The Public Pays for Union Political Activity

Taxpayer dollars in state and municipal governments across the country are, normally without public knowledge, used to subsidize government union political undertakings. Clearly, this is a misuse of the public’s limited resources.

The latest example, The Baltimore Sun reports, a Howard County, Maryland audit finds:

According to the Feb. 24 investigation, four employees of the sheriff’s office improperly used union leave, thus granting Howard County Sheriff James Fitzgerald “county-subsidized campaign labor” not available to his opponents.

Union leave, which allows government employees to perform union business on the taxpayers’ dime, was used to influence the 2014 primary and general elections.

A majority of public-sector collective bargaining agreements contain a provision allowing union leave, or union release time. While union leave is a waste of tax dollars—no matter the use—political activity is usually prohibited under the practice. However, unlike many other state and municipal governments, Howard County is seeking ways to recoup the misused funds.

In recent reports, I’ve found that government unions in other states similarly misuse union leave to participate in political activity.

In Missouri, union leave was used to lobby public officials:

CWA and PNEA members spent most of their release time conducting partisan political activity or attending union meetings and conferences. For example, CWA was allotted 39 days of release time. Of those days, CWA members spent 31 of them participating in “Lobby Day, Jefferson City,” which is an event set up by the CWA and other public-employee unions to lobby legislators. On Lobby Day 2013, the CWA sent 10 members on release time to the state Capitol, where they lobbied legislators to vote against right to work and paycheck protection laws.

PNEA political activity on release time involved attending seven days of the National Education Association (NEA) Capitol Action Day, part of the union’s lobbying strategy. PNEA members on release time also attended the Missouri National Education Association (MNEA) Spring Rep Assembly, where union representatives from around the state discuss internal union business.

In Connecticut, the state personnel reported prohibited political activity on union leave:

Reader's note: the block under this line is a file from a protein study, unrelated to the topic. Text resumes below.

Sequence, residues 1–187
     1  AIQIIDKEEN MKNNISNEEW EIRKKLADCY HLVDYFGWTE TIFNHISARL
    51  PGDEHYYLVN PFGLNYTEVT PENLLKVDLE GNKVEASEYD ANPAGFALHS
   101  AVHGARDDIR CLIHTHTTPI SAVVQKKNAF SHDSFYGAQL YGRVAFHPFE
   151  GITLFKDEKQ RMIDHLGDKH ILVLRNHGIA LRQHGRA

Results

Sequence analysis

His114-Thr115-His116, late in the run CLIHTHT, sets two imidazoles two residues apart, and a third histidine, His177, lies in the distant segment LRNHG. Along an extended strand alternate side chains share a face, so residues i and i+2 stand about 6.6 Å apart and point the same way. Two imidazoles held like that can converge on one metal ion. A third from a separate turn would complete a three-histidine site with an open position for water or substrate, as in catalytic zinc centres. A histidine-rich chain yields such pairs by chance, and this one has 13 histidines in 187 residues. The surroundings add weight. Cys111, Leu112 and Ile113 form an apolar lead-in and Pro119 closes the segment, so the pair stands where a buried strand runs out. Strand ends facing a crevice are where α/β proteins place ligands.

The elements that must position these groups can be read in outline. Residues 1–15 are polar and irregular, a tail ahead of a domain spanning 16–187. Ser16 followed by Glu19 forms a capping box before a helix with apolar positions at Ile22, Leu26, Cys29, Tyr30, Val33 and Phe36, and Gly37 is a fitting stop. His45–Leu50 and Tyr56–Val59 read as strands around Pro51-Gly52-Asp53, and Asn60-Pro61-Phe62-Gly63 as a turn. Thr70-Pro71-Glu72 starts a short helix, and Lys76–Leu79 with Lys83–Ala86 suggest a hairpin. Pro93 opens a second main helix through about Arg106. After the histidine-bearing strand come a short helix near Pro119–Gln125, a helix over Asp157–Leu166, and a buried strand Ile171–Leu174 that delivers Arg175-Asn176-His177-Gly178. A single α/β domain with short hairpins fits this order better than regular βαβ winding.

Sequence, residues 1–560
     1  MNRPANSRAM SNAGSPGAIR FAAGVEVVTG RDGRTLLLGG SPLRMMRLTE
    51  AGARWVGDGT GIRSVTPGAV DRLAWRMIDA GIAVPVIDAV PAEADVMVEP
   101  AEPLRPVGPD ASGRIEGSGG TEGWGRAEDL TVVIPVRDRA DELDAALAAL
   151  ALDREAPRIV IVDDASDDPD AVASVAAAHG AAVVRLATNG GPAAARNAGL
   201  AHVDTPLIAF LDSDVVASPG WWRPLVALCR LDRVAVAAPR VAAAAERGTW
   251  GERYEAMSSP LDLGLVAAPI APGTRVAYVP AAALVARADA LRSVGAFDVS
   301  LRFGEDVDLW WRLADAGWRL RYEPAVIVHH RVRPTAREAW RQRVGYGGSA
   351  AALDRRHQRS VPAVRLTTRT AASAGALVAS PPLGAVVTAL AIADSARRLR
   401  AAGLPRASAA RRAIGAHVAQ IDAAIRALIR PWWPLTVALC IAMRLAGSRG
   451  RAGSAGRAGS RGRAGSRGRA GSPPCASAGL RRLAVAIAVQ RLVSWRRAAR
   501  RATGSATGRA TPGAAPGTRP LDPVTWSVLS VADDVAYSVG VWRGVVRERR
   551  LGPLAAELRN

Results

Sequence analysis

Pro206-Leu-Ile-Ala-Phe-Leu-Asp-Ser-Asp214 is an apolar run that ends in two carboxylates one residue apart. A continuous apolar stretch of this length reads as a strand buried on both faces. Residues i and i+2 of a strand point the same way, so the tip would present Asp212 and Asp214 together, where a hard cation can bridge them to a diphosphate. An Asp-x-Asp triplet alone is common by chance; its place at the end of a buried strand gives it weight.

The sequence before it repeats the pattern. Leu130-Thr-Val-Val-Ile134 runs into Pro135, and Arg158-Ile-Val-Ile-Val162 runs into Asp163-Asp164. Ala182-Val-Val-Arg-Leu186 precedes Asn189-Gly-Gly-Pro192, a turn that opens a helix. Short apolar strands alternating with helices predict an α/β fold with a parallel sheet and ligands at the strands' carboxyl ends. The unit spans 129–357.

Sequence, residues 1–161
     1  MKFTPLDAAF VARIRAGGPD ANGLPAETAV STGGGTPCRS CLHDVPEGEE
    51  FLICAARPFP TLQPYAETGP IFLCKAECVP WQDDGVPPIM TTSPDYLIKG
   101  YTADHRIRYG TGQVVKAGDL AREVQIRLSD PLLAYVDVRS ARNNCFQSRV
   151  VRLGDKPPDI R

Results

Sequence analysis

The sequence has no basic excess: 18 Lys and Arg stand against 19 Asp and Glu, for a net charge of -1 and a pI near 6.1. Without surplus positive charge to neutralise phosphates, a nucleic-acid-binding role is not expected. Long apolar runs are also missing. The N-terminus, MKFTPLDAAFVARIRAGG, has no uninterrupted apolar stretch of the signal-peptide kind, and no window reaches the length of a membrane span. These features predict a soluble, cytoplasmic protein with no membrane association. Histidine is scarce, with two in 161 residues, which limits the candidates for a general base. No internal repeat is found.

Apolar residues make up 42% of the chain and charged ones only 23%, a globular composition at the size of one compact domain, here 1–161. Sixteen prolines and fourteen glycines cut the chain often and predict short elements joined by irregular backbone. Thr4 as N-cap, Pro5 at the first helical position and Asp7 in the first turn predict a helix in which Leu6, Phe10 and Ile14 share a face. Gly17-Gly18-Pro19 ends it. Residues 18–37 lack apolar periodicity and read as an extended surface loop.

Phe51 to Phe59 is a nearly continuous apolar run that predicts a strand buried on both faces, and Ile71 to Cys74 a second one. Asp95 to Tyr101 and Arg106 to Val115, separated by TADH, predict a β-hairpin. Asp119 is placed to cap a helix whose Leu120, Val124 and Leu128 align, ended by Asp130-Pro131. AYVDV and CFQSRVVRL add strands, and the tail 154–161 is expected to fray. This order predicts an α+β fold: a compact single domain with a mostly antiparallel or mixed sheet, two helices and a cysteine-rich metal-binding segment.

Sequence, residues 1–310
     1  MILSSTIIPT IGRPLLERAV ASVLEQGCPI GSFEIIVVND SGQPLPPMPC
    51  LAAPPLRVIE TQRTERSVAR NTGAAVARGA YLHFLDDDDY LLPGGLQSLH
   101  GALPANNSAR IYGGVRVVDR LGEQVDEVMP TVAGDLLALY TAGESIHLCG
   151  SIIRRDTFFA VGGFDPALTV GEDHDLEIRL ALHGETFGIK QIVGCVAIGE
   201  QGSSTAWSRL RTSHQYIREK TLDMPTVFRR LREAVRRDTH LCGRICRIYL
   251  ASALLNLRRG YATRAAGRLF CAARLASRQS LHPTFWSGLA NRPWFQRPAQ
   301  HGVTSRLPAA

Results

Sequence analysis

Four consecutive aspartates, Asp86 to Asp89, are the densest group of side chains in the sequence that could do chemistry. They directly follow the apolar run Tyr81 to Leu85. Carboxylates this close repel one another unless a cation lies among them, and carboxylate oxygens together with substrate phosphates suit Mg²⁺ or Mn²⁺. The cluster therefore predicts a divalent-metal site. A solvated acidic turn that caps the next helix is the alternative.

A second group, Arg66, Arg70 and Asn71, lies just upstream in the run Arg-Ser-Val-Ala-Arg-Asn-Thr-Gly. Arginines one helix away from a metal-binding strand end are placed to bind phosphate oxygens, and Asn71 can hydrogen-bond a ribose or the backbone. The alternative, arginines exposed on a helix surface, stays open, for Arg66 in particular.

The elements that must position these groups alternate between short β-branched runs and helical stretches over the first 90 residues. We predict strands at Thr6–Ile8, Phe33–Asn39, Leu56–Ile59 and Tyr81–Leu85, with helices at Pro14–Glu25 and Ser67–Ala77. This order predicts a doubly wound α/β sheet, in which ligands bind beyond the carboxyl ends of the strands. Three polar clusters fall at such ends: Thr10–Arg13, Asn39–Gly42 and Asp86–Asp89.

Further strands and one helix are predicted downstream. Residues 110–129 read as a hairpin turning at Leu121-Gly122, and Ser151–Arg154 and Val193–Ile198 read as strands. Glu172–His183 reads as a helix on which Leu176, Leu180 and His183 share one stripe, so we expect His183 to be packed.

However, a 2014 general notice from the state Office of Labor Relations acknowledges concerns from agency personnel on 1) the increased requests for union business leave and 2) that union representatives may be conducting political activity on union business leave, which is prohibited.

Besides the obvious problem with government subsidizing political activity that could sway public elections, union leave is a subsidy that does not serve a public purpose and exclusively benefits a private organization—government unions.

It is a costly subsidy, as well. In Connecticut, the union leave cost state government employers $4.1 million. In Austin, Texas, the union subsidy cost the cities of Austin and San Antonio a combined $1 million. Notably, Austin fire union President Bob Nicks, who only performs union leave business and never fights fires, disagrees with the practice. Nicks said, “I’ve been fighting to be put back to work at our fire department.”

Kentucky government unions received 31,458 hours of union leave from 2011-2015. In Maryland, in 2011-2012, nine school districts awarded 973.8 days of union leave, or the equivalent of nearly 5.5 full school years just performing union business.

Not to be left out, the federal government participates in the taxpayer giveaway. In FY 2012, the last year data are available, it cost $157 million.

Luckily, some are trying to do something about the wasteful practice. 

In Arizona, the Goldwater Institute successfully sued over the practice of union leave. In 2011, Goldwater argued that union leave provision in the contract between the City of Phoenix and the Phoenix Law Enforcement Association violated the state constitutional provision known as the “Gift Clause,” which prohibits state and local governments from giving away tax dollars to private entities.

The judge agreed, “The city’s expenditure for the release time [union leave] was grossly disproportionate to what it received in return, given the lack of obligation imposed on PLEA.”

The successful lawsuit puts police officers back to work and saves Phoenix taxpayers nearly $1 million annually.

A Pennsylvanian public interest law firm, The Fairness Center, is looking to replicate the Goldwater Institute’s success with a lawsuit against the Allentown school district that awards union leave.

According to the Fairness Center:

The cost [of union leave] to state and local taxpayers since 2003 exceeds $1 million.

The Fairness Center represents Allentown taxpayers Scott Armstrong and Steven Ramos, and Public School Employees’ Retirement System member James Williams, in a suit challenging the Allentown Education Association’s (AEA’s) practice of using taxpayer dollars to fund the salary and benefits of Allentown Education Association’s President. The AEA President receives taxpayer dollars for her position despite the fact that she works full-time for the AEA.

Tax dollars should exclusively support public services. With so many state and municipal governments having budget shortages, there is no room to fund for any activity that does not advance a public purpose. Union leave is such an expense and an expense that is commonly misused to advance political agendas.